Learn about lake country microfiber pads here.  Ever wonder which pad does what?  How come there are so many colors?  What's the difference between blue foam, orange and black foam and the length and corase of microfibers?  Some are for heavy cutting,

LC Microfiber Pad Guide.

Blue foam interface: Heavy Cut ~ Cutting

Orange foam interface: Cutting ~ Polishing (aka. one-step polish)

Black foam interface: Polishing ~ Finish

lake country microfiber cutting pads guide: from cutting to polishing to finishing; how about one steps?
Microfiber cutting pad explained - from cutting, to one step polishing, to finishing.

Pad use scenarios.

Microfiber pads are commonly used primarily for cutting, and the reason is, microfiber not only can generate more heat than foam, it also holds heat. During cutting, not only the abrasives are at work, heat plays a significant role in paint levelling as well. Heat softens paint which allows the abrasives to cut into it easier, and not only that, it also helps paint 'move' and 'meld' into place. Have you seen self-healing PPF? When light scratches are introduced and heat is applied (doesn't need to be too hot, about ~60C), the film self-heals. This is also true to paint, the softer the substrate (paint) the more apparent the self-healing is, and this is crucial for cutting hard clearcoat. But the fibres do feel a little soft, right? Not when it starts spinning and ''whipping' on the paint.

Another contributing factor for the added cutting power is the thickness of the pad, normally microfiber pads are disc-like thin, which means less cushioning and results in better power transfer. But that also means these pads will have a harder time going over contours and concaves (can be remedied with an interface pad), and the user can experience more fatigue.

Microfiber pads are not as commonly used for finishing polish versus foam, because foam is ''flatter/smoother" than microfiber (during polishing, the fibres tend to bundle up), and the flatter the pad surface, the smoother the finish should be, theoretically at least. You still can get great results with a microfiber polishing/finishing pad such as Lake Country's OSP, Black Microfiber and Buff and Shine URO-Fibers, but we generally recommend foam for finishing softer paint (Japanese vehicles, for example).

Something to note about microfiber pads is that as the pad wears over time, the fibres will get shorter, resulting in an increased cut versus foam's decrease in cut (foam cells will soften and collapse over time).

Lake Country's Aggression Chart

The chart on the right is from Lake Country, but we like to share our own view on this. The microfiber cutting pad on the left of the chart states it cuts like a 10 (high cut) but can finish at an 8 (high gloss). The 10 cutting we have no problem backing, but having a finish of an 8 is debatable (on a new pad perhaps). As mentioned above, when a microfiber pad wears over time, the fibres will shorten, which means it gets more and more aggressive as it wears. So, after a few panels or projects, it may now have a cut of 11 and a finish of 5.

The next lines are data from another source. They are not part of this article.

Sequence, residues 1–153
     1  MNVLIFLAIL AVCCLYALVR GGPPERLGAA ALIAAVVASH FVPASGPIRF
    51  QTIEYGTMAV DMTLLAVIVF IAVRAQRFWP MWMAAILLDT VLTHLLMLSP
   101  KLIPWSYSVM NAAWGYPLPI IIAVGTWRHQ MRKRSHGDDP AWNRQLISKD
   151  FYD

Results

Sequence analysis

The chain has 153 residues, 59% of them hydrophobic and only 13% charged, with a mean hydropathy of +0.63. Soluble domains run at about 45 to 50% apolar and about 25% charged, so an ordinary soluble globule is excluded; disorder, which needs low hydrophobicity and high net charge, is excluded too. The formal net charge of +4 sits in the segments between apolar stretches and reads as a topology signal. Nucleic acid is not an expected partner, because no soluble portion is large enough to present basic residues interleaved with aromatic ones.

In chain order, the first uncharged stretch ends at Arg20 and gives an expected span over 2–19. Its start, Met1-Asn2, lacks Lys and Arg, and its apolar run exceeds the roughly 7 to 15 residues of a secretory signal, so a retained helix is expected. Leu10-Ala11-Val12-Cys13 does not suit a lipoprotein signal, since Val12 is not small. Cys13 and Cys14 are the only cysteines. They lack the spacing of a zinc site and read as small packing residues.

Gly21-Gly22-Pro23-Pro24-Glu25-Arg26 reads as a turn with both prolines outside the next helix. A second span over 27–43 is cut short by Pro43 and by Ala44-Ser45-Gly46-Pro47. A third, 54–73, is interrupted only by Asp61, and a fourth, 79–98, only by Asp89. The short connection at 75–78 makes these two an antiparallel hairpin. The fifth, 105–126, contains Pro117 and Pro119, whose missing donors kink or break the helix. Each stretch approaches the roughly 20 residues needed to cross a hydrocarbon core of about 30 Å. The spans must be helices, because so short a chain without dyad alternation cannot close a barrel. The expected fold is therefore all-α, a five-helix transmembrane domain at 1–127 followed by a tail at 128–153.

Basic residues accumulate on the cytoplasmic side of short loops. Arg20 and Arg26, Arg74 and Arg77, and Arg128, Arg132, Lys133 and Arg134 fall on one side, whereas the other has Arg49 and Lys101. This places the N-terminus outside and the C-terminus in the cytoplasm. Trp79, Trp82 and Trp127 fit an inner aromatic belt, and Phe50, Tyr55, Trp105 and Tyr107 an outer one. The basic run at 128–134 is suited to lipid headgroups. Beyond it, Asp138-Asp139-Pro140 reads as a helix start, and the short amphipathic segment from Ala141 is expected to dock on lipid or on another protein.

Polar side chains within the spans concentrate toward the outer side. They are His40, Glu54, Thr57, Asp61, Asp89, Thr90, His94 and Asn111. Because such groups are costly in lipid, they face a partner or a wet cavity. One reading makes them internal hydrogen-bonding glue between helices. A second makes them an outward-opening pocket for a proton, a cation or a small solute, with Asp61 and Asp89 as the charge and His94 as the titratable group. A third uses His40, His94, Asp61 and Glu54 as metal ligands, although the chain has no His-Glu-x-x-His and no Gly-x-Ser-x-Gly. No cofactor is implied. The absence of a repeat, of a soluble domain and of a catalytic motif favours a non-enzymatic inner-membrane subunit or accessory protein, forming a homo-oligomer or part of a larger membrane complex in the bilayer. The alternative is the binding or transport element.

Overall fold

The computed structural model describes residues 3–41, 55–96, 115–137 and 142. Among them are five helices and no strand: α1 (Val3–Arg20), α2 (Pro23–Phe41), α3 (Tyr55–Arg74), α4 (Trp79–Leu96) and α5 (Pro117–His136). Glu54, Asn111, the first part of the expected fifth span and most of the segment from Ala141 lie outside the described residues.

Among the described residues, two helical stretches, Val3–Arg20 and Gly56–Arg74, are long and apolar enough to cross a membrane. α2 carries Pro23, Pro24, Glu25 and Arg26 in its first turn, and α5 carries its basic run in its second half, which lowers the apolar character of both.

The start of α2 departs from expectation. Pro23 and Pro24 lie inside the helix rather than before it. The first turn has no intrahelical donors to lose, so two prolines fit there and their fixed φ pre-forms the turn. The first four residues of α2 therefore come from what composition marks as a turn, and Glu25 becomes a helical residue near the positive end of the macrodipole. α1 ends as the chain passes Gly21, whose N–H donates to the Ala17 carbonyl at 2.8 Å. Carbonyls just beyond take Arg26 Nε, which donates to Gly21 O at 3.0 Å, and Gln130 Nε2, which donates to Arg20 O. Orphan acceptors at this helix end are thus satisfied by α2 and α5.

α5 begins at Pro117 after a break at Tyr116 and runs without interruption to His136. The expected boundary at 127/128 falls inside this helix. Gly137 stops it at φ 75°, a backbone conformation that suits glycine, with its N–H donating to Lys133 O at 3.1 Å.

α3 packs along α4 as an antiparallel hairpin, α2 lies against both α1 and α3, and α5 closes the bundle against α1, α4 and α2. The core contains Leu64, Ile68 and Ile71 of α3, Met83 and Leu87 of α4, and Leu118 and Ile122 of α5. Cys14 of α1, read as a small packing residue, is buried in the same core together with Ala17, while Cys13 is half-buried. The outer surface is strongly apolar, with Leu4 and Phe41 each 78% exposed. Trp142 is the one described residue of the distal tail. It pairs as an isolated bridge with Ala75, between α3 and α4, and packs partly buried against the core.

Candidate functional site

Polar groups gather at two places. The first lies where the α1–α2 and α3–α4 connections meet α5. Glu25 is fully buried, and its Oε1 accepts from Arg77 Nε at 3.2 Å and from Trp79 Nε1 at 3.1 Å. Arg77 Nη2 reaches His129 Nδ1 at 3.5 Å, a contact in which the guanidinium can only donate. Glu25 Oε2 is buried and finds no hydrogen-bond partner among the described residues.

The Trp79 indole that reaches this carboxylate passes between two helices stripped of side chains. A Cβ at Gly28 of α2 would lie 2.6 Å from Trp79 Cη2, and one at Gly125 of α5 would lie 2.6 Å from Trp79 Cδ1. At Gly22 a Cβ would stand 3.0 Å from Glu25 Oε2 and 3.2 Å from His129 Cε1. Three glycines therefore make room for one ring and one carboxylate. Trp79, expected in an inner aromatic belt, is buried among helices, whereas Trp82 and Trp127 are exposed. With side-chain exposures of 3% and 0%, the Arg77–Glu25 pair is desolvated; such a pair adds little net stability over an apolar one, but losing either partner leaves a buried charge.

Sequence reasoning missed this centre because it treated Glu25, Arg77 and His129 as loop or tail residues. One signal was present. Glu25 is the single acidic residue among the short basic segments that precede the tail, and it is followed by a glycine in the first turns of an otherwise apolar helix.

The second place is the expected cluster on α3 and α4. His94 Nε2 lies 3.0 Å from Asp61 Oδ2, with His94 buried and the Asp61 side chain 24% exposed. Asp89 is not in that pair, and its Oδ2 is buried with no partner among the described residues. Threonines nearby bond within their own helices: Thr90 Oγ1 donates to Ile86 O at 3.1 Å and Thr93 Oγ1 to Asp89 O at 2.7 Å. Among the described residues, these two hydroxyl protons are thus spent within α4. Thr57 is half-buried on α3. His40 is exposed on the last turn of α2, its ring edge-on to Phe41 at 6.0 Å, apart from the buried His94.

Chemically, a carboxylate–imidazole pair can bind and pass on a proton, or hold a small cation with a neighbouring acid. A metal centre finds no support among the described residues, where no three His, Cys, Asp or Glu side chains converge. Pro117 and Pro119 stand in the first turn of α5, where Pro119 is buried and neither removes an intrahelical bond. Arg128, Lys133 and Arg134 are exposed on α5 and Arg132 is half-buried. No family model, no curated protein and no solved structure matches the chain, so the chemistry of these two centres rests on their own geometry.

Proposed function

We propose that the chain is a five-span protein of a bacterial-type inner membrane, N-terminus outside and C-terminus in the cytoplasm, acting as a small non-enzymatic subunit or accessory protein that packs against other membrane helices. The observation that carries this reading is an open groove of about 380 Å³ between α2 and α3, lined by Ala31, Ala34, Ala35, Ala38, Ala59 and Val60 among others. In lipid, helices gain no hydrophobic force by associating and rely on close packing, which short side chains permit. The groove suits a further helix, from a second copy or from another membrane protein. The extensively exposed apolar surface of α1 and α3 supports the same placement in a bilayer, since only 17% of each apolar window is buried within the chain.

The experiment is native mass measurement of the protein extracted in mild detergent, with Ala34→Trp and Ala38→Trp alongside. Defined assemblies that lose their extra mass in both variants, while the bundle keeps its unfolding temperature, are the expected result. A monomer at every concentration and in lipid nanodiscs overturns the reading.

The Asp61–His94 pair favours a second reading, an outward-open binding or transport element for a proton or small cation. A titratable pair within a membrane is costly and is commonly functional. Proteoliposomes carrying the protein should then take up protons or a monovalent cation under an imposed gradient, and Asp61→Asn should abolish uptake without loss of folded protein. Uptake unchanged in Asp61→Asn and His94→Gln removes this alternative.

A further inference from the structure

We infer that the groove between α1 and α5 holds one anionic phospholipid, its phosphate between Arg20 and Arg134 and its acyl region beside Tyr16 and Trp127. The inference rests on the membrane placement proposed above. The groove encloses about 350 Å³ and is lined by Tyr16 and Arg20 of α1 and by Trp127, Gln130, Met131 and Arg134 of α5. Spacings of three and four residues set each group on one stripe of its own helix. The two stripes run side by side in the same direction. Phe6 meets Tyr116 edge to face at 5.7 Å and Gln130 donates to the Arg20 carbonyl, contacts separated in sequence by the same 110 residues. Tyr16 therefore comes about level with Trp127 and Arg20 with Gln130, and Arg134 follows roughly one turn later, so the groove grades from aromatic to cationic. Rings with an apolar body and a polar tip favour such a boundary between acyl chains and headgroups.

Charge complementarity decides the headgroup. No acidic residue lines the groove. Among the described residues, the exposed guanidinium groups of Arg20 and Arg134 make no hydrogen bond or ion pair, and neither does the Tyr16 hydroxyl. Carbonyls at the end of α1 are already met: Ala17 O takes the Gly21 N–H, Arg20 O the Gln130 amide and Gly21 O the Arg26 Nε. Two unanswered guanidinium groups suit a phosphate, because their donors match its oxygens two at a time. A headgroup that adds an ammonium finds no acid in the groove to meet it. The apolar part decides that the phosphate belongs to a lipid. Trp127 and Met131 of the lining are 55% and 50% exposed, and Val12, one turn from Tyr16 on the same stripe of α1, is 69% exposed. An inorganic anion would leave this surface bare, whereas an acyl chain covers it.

The One Step Pad (OSP) actually finishes surprisingly well even on softer paint (results also dictated by the accompanying polish/compound), it cuts and finishes well on both hard and soft paint.

Personally, we like to finish with foam, the Black Microfiber Pad though no slouch (it finishes equally well as foam does), we just prefer working with foam as generally, they're thicker and more comfortable to work with.

Bonus: the Black Microfiber Pad works really well with polishing metal, chrome and aluminium, it's like a microfiber towel that you can velcro onto a polisher, your arm will thank you.

How to clean microfiber and foam cutting and polishing pads. Cleaning and maintaining extends the life of the pad.

Cleaning and taking care of the pads.

As mentioned above, microfiber pads tend to generate and hold more heat, which can result in sooner glue/velcro delamination. Not only that, solvents from polishes & compounds can travel in quicker through the foam (because it's thinner) to soften the glue that holds the fibres to the foam to the velcro, and then the pad delaminates and "blows up". One way to remedy this is, to change out the pad more often, instead of doing 2~3 panels per pad, lower the coverage to 1~2 panels. Keep a bottle of water on the side and spray the pad to keep it slightly moist. And don't peel the pad off your backing plate while the pad is still warm and moist, use a pad removal tool instead to prevent delamination.

And remember to brush up the fibres after each section pass, the fibres tend to get fairly matted down and bundled up, you want to use a brush to loosen the fibres and get the compound debris out.

After you're done with your projects, the pads can simply be washed by hand in the sink or soaked in a bucket of detergent to soften compound residues.

Q: Are the fibers the same on the Blue and Orange pad?
Q: How often should I switch out the pad?
Q: How many pads do I need per vehicle?
Q: Any other tips and tricks?

Utilize an interface pad to add thickness for working on body lines, contours, and concaves.

Q: How does it compare to foam pads?
Comparing microfiber cutting pads to foam cutting pads - Cutting chart from Lake Country

The two bars on the left are the Microfiber Cutting and OSP pads, and the Blue Heavy Polishing, Orange Polishing and Black Finishing are Lake Country's SDO and HDO foams. And no, the colours are not in sync, orange doesn't mean it's the same orange across the board. For example, the Orange Lake Country Hybrid Force pad is a cutting pad, whereas SDO/HDO Oranges are for polishing.

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